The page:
The extraordinary author of "Cold Mountain" and "Thirteen Moons" returns with a dazzling new novel of suspense and love set in small-town North Carolina in the early 1960s.
Charles Frazier puts his remarkable gifts in the service of a lean, taut narrative while losing none of the... read more
“Not curators by nature, they reached for contact with her by deconstructing her things....The hatbox, with its octagonal walls and thick lid and double floor, became a flat stack of pasteboard, hunter green striped with cream. They separated the hat into its components, green felt and black satin and veiling. The locked white train case, nearly as big as the hatbox, took some work, but it finally yielded many fragrant tubes and boxes and squat cylinders and, finally, two pink circles of pleated satin lining. The locked pink case held hair, two blond wigs and a ponytail extension, plus circles of white lining. The lumpy fox stole with beady-eyed heads and dangling tails was tricky, but eventually, after much picking at stitching with the rusty nail, it became three separate flat animals with no insides. They continued their work until bits of Lily's life covered the smokehouse floor. Lily, though, stayed far away.”
“There's a kind of person that wants you to carry their troubles. If they can, they heap it every bit on you and walk away without a guilty look back. And if they can't do that, they lighten their own load by handing off a piece of woe to anybody who'll take it.”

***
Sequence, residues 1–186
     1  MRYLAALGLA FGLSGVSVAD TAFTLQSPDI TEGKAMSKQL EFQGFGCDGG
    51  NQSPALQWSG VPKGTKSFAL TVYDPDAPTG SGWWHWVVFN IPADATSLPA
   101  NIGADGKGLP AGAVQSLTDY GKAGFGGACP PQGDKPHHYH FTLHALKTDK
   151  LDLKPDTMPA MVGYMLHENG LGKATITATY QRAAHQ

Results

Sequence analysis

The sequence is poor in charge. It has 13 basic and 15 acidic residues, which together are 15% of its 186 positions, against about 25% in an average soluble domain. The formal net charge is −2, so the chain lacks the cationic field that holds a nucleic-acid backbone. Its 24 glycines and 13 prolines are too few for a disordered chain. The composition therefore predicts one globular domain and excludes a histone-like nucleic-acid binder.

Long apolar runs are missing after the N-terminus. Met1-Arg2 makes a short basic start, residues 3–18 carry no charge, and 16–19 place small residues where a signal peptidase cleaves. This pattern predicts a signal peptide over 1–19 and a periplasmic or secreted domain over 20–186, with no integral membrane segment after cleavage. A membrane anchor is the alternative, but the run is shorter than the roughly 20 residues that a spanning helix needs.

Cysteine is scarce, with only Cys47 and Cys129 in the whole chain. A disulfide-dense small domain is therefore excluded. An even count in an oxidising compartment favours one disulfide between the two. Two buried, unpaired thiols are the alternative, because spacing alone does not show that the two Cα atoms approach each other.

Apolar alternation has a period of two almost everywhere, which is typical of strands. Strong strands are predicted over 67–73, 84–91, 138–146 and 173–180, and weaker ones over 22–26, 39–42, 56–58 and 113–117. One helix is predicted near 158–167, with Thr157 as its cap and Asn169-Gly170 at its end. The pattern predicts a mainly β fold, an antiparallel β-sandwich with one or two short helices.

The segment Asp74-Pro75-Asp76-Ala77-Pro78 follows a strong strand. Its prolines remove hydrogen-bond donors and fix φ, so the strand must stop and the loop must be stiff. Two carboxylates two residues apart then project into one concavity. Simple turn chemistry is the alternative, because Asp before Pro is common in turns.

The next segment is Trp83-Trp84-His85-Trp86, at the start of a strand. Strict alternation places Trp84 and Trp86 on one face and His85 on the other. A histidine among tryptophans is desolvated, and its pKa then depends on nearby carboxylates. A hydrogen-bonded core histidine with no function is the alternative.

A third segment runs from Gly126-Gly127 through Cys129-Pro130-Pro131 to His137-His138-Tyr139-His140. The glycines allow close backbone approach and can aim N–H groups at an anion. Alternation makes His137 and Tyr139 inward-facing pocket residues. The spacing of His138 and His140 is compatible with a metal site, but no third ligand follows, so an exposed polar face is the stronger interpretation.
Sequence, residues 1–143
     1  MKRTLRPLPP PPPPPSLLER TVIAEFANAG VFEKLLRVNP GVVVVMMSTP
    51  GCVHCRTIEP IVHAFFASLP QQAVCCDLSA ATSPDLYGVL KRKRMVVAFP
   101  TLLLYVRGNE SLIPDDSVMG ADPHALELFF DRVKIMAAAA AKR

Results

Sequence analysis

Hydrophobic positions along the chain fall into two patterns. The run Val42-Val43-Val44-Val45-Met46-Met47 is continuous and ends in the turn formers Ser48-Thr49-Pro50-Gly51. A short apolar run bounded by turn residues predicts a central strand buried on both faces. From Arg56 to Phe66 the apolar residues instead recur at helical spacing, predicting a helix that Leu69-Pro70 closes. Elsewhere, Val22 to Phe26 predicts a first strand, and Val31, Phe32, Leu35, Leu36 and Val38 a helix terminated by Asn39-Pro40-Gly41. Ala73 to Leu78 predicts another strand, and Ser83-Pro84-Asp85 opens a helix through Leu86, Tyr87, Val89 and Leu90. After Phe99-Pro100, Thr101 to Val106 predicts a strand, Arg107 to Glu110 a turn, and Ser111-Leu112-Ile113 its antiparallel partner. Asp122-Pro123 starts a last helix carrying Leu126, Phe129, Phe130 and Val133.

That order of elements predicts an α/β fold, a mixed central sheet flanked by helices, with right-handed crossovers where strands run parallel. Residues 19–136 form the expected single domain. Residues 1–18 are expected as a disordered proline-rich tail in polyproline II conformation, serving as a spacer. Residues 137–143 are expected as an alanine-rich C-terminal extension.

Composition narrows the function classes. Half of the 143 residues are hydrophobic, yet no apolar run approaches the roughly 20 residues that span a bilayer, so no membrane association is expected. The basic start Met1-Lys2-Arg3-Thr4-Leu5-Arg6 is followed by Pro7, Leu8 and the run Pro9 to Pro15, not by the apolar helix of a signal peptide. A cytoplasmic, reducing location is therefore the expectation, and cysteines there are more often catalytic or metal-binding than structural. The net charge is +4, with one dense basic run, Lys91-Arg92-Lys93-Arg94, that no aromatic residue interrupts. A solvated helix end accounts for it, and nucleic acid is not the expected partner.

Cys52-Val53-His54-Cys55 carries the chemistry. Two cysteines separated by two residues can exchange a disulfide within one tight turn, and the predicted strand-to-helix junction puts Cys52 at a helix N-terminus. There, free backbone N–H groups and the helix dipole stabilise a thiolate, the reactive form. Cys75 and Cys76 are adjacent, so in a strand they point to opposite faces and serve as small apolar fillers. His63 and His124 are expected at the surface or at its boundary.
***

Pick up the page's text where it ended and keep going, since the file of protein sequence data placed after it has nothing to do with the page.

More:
“Easy to be disdainful and ironic toward others' false values. Still, Luce hoped that when she was at the same thin margin of life she would be concerned with looking out the window to note the weather or the shape of the moon or some lone bird flying by. Certainly not a bunch of worn-out teaspoons. But Luce was half century younger than old Stubblefield, and didn't know how she'd think and what she would value if she made it that far down the road.”
“A teacher has six hours a day for nine months of one year. And thirty children to deal with at a time. You do your best, and you expect the same of them. Then you pass them to the next grade and hope to do better with another bunch.”Luce's former teachers
“When Luce got back to the car, Stubblefield held up his book. He said, Fourty pages, and I'm feeling calm and melancholy. Like meditating, if I had the time to stick with it.”Stubblefield
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